Canada is experiencing a drug toxicity crisis that is being fuelled by synthetic opioids like fentanyl. Between January 2016 and September 2022, there were more than 34,400 apparent opioid toxicity deaths, many of which also involved stimulants or other substances. The vast number of lost lives makes the drug toxicity crisis a major public health and safety concern.
To reduce the risks and harms associated with opioid use, it is crucial to understand its health and social impacts. To this end, CCSA collaborates with partners to gain a better understanding of the risks and harms of opioid use and supports evidence-based decisions about opioid policy and practice. CCSA also recognizes that interventions for opioid-related harms must address the broader context of polysubstance use and meet the specific needs of different groups and communities.
What Are Opioids?
Opioids are available in both pharmaceutical and non-pharmaceutical forms. Common opioid pharmaceutical medications, such as codeine, fentanyl, morphine, oxycodone and diacetylmorphine, are primarily used to treat pain. However, people may also use these products for non-medical purposes. Fentanyl and fentanyl analogues of non-pharmaceutical origin are illegally manufactured and are the most widely available opioids in Canada's unregulated drug supply.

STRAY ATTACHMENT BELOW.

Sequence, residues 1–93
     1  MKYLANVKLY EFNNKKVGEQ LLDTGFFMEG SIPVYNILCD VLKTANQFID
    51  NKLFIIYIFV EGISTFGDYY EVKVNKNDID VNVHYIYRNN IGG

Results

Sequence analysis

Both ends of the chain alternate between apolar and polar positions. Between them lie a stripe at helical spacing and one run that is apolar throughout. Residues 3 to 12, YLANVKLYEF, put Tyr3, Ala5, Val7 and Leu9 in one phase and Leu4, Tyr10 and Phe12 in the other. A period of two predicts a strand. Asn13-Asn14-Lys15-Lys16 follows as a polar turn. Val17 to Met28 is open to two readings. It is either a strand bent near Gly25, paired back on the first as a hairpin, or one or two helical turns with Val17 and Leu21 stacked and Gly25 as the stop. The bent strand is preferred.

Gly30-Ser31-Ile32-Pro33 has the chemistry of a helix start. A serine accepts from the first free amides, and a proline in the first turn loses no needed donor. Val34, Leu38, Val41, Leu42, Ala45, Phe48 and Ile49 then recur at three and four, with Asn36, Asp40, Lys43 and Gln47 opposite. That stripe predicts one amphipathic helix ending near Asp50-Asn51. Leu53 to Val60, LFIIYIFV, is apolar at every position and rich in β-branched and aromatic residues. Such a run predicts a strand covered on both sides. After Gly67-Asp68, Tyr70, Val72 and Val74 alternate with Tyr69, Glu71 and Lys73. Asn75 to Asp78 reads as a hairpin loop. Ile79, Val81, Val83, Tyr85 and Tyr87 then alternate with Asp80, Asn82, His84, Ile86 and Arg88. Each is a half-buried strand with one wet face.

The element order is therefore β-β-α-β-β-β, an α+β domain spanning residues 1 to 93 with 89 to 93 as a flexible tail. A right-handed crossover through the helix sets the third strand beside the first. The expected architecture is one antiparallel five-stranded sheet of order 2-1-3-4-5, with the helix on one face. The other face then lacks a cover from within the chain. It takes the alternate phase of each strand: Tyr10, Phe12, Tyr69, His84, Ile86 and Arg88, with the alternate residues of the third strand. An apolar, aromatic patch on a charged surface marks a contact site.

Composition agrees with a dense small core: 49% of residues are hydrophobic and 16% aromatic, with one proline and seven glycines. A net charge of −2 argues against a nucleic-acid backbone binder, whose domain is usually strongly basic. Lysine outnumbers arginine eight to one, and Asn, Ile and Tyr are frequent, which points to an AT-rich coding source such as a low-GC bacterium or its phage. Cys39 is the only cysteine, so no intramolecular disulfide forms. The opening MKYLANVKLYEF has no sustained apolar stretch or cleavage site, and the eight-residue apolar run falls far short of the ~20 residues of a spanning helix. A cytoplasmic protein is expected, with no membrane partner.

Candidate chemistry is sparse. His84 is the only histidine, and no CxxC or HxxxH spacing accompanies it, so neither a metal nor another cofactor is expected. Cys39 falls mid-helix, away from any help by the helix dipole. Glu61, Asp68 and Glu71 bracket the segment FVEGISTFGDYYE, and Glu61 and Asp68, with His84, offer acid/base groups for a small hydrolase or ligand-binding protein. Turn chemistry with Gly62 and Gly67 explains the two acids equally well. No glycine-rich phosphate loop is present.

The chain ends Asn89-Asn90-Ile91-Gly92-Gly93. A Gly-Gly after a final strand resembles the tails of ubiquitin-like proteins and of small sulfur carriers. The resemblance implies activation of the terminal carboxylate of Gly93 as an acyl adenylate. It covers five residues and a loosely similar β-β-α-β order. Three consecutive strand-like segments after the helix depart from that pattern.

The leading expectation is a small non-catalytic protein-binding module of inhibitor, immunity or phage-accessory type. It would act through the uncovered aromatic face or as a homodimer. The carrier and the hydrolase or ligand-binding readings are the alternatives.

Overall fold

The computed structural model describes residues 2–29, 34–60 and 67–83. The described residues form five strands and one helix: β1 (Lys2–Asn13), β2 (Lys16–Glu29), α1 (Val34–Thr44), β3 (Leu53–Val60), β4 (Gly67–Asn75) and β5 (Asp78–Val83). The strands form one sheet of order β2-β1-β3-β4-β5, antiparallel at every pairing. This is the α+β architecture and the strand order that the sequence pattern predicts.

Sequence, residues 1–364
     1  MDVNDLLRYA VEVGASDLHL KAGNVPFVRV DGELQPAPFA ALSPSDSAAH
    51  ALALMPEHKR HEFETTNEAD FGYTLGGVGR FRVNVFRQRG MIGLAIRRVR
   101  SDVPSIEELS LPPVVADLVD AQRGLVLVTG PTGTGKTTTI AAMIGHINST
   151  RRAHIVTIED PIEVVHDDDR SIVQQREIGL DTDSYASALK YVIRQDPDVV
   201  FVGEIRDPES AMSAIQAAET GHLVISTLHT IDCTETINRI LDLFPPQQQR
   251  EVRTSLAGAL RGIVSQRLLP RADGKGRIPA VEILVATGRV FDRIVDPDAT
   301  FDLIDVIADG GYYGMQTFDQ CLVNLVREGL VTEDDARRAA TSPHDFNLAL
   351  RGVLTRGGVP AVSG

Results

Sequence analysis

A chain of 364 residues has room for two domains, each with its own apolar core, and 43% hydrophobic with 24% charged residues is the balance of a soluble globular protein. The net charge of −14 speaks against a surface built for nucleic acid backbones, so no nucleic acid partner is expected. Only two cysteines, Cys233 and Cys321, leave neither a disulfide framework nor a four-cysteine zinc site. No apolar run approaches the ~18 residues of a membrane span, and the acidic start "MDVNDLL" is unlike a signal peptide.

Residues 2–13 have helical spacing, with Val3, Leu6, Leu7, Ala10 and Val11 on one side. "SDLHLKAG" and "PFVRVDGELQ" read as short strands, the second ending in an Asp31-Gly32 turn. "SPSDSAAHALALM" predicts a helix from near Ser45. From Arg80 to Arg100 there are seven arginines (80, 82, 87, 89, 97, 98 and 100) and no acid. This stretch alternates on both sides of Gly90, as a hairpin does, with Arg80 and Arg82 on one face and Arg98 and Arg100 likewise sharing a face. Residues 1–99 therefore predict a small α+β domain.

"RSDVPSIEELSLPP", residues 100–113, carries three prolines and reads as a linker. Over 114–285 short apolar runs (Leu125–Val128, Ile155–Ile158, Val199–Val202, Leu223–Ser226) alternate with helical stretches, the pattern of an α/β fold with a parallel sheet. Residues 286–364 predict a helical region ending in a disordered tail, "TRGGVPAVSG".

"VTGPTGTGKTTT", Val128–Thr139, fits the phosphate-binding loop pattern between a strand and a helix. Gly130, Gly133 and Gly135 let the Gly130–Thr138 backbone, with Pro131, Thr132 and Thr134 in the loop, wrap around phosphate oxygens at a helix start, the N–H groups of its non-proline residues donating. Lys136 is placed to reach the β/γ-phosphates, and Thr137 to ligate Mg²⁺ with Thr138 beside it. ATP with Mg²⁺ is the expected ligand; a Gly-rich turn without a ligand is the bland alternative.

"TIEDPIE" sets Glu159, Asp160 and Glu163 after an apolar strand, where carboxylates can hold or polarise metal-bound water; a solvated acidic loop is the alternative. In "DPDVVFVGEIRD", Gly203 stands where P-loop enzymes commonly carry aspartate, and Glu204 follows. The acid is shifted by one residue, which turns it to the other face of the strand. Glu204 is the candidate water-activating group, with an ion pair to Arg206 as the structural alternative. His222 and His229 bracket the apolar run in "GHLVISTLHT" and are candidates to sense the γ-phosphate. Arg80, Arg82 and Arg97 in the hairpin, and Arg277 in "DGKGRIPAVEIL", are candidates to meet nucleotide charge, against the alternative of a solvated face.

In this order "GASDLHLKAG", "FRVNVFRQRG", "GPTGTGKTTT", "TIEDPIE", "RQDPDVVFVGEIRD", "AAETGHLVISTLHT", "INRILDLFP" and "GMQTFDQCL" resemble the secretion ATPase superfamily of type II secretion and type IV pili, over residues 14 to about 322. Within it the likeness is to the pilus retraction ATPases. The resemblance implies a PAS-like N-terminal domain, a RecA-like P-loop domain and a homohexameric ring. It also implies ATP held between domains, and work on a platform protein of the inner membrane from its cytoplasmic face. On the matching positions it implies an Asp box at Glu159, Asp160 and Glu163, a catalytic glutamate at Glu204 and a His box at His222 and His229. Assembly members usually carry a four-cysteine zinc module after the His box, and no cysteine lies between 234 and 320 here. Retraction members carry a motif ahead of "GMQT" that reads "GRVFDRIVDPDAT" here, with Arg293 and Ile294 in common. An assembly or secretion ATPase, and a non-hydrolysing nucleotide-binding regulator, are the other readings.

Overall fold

Most harms associated with opioids are caused by synthetic opioids, such as fentanyl and to a lesser extent nitazenes, which can be consumed unknowingly through the unregulated drug supply. The presence of these opioids in other substances significantly increases the risk of drug toxicity deaths, as they are extremely potent and can be fatal, even in small amounts.
About the Opioid Toxicity Crisis
The opioid toxicity crisis in Canada has evolved, and the factors that contribute to it are complex and multifaceted. Factors that once played a central role, such as high levels of prescription opioid use and diversion, no longer have as significant an impact. The current crisis is influenced by several factors, including:
- Psychological, social and biological risk factors, such as genetics, adverse childhood experiences, trauma, mental health, poverty, lack of secure housing and other social determinants of health;
- The lack of a comprehensive spectrum of care, including harm reduction and treatment services, that can respond to an individual's physical, mental health and social needs in a timely manner;
- The unpredictable dose and contents of fentanyl from the unregulated drug supply, which can lead to increased risk of drug poisoning and other harms from contaminants like synthetic opioids and non-medical benzodiazepines;
- Disruptions to the drug supply during the COVID-19 pandemic, which led to increased toxicity combined with reduced access to supports and services;
- Unintentional polysubstance exposure from the unregulated drug supply and intentional polysubstance use that includes use of opioids with stimulants;
- Stigma toward those who use substances or are living with substance use disorders;
- Lack of access to prescription opioids, leading individuals to use opioids from the unregulated drug supply;
- Lack of awareness or access to alternative treatments for pain; and
- Use of opioids diverted from friends’ and family members’ prescriptions.